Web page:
Element 29 Resources (TSXV: ECU) a Vancouver-based copper explorer with projects in Peru, has released its first resource estimates for the Elida project in the Andean nation, with an initial resource soon to follow from its Flor de Cobre project.
Both properties were previously drilled and returned intercepts of potentially economic grades with low observed levels of deleterious elements like arsenic.
“I think this is a very significant initial copper resource estimate that we’ve delivered,” said CEO Steve Stakiw, a geologist who joined the company in April. “The potential to grow this is great. Also, the molybdenum is almost double global average moly grades in copper-porphyry systems and has the potential to enhance the economics of the deposit.”
The initial estimate at Elida, located 250 km north of Lima, outlines 321.7 million inferred tonnes grading 0.32% copper, 0.03% molybdenum and 2.6 grams silver per tonne with a low modeled 0.74:1 strip ratio on the Zone 1 porphyry, one of five porphyry centres on the project. Stakiw said that resource growth potential on Zone 1 remains open.
Element 29 is also initiating its next phase of drilling on the project to test the other porphyry zones at Elida. Stakiw noted that additional metallurgical studies are planned.
A near-surface higher-grade subset of the resource consisting of 34.1 million tonnes inferred at 0.55% copper, 0.037% molybdenum and 4.4 grams silver per tonne at a cut-off grade of 0.45% copper has the potential to be mined with minimal stripping in the initial years of mining at Elida, said Stakiw.
“For me, it’s the ability to take this from an exploration stage project to what I think is a very material copper resource,” he said. “In terms of pounds in the ground we’re at about 2.2 billion contained pounds of copper in just a portion of one of five porphyries.”
E29 is also planning to deliver a resource estimate in late 2022 on the Candelaria zone at Flor de Cobre, which is 250 km northwest of the Chilean border near Arequipa in the Southern Peru Copper Belt.
There is a historical copper resource at Candelaria of 57.4 million tonnes of 0.67% copper that was outlined by Rio Amarillo and Phelps Dodge – now Freeport-McMoRan (NYSE: FCX) in the 1990s. E29 will be updating that resource with data from a recently completed drill program, said Stakiw.
The Southern Peru Copper Belt is a portion of the Andean magmatic arc that hosts numerous economic copper-gold porphyry and skarn deposits.
The Flor de Cobre project also hosts the large Atravesado porphyry target, supported by coincident outcrop geology, surface geochemistry and geophysical responses. Atravesado is located approximately 2 km northwest of Candelaria and is a 1.5-km by 1.6-km circular zone characterized by outcropping copper oxide mineralization in association with quartz vein stockworks and potassic alteration, said Stakiw.
As a junior that’s moving from early exploration to defined resources at its projects, he notes that this transition usually benefits a company’s stock price.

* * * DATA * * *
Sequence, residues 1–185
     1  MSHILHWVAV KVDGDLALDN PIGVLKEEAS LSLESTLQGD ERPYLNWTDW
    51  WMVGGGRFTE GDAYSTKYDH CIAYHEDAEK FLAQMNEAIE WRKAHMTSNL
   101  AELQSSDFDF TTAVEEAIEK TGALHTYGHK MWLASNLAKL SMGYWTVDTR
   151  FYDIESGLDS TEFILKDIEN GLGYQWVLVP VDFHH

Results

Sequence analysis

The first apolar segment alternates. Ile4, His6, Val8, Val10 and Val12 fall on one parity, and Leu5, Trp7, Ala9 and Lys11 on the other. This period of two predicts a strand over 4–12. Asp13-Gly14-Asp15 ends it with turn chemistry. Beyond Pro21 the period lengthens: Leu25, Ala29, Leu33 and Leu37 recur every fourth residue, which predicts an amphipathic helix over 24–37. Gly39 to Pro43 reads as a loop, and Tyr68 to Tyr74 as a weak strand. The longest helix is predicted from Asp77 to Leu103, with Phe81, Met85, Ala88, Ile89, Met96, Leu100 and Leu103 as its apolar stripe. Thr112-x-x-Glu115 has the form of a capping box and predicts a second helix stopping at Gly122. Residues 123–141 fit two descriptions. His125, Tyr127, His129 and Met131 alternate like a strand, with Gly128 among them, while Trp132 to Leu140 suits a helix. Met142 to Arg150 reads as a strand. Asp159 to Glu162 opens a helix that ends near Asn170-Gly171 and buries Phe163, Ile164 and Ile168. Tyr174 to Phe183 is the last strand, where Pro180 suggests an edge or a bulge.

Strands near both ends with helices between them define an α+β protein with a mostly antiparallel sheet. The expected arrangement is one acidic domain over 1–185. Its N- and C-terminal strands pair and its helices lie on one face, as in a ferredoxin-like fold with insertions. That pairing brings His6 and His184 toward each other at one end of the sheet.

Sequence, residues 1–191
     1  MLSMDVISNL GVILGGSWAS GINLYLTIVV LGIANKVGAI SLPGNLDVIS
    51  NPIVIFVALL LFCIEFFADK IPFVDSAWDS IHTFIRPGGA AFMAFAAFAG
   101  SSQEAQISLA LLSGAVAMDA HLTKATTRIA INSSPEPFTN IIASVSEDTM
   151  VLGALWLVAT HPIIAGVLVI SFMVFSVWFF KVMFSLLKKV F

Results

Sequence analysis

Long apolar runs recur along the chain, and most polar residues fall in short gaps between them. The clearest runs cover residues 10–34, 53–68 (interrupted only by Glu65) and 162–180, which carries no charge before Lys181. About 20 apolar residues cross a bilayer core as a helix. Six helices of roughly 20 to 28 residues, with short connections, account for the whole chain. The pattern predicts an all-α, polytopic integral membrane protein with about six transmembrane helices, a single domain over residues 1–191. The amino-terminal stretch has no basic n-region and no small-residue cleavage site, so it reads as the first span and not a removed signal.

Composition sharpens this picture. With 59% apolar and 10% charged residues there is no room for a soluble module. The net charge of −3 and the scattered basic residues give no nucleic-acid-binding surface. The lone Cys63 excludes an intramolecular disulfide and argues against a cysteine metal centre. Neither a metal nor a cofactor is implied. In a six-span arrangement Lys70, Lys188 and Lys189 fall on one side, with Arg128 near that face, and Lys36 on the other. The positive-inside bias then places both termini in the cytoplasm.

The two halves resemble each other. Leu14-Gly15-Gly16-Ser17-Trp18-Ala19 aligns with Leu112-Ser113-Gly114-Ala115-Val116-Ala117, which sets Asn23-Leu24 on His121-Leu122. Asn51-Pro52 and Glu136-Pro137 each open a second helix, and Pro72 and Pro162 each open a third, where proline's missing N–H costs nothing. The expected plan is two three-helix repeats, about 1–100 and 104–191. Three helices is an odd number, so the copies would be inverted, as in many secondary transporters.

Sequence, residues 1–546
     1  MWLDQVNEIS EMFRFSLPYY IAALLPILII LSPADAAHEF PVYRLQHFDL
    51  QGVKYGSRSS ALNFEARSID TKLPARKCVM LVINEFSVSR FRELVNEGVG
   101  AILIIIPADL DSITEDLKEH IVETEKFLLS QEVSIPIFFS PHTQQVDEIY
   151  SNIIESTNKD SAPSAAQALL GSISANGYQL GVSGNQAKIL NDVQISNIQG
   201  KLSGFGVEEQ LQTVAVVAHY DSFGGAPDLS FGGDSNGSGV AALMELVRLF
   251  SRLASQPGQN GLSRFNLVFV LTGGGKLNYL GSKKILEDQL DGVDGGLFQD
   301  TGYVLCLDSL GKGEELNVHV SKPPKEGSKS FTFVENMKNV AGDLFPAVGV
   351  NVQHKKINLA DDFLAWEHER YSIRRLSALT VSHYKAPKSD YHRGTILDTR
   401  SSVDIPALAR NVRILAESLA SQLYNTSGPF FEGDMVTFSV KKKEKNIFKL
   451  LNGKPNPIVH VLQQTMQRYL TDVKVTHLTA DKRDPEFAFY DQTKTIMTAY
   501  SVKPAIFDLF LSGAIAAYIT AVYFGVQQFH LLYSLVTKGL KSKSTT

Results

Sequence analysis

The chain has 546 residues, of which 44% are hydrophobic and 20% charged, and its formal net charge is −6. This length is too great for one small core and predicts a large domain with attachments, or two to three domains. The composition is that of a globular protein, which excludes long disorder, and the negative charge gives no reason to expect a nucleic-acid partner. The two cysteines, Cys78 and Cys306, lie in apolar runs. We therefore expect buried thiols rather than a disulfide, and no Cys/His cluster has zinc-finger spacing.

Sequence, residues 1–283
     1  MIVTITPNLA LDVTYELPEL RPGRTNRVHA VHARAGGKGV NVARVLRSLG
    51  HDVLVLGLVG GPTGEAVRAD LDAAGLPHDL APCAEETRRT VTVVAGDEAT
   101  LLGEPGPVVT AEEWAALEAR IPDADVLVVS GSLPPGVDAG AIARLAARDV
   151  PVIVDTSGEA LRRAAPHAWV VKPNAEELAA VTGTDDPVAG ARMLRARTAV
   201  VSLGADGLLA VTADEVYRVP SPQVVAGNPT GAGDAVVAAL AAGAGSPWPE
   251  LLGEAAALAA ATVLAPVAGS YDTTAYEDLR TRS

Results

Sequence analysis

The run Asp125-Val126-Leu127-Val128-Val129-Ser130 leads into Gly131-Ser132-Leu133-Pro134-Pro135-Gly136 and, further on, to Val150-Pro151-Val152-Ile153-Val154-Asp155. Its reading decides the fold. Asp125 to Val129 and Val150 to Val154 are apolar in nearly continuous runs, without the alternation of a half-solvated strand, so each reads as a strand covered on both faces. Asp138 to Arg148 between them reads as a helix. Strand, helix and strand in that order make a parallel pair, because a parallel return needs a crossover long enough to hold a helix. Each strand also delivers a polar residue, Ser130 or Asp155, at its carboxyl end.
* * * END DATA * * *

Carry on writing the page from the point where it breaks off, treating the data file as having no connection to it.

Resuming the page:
“You look at the opportunity for the company to get that re-rating out there, because as you transition from an explorer to a company with delineated or proven resources, then you’re moving down the development pathway,” he said. “That’s when you ideally start to get better valuations in the market.”
Both E29 projects are at comparatively low altitudes, making exploration and potential development easier, said Stakiw. Some mines in the region are at 4,500 to 5,000 metres elevation. Also, Elida and Flor de Cobre are close to paved regional highways and other infrastructure in pro-development jurisdictions of Peru, he said.
“There are mines and a skilled workforce around us,” Stakiw said. “So, it checks all those boxes. Both our projects have that luxury. For us, that de-risks the development pathway. It’s one thing exploring and finding stuff, but if it’s at high altitude in a remote area that’s anti-mining we know how that ends.”
E29 is in regular dialogue with adjacent communities, maintaining relationships that are open and transparent, said Stakiw, noting some other Peruvian mining projects can be fraught with challenges.
“There are projects like the Las Bambas mine, which is a big copper operation in Peru, it’s near the Southern Peru Copper Belt, but it’s inland a bit, so you’re getting into the agricultural and tourist areas near Cusco and into those areas where it’s much more challenging. The communities can be tougher to negotiate with as there is increased competition for land use.”
Added scrutiny of mining projects around the world is a good thing, said Stakiw, noting responsible companies have an opportunity to set an example. Taking shortcuts isn’t something he’s interested in.
“We do like Peru,” he said. “Obviously, we are biased because that’s where we operate. It’s a great place to be doing business, especially for a copper explorer, because it’s the number two copper producer in the world and has strong exploration and discovery potential given its metal endowment.”
Out of the world’s top 10 largest copper mines, three or four are in Peru, Stakiw said. Most of the rest, he explained, are in Chile, which is the world’s number one copper producer.
“We are in the same belt and just over 20 km on trend from the large Cerro Verde mine,” he said. “I think that’s the number five copper producer in the world, so we’re in a great neighbourhood.”
The preceding Joint Venture Article is PROMOTED CONTENT sponsored by ELEMENT 29 RESOURCES and produced in co-operation with The Northern Miner. Visit www.e29copper.com for more information.
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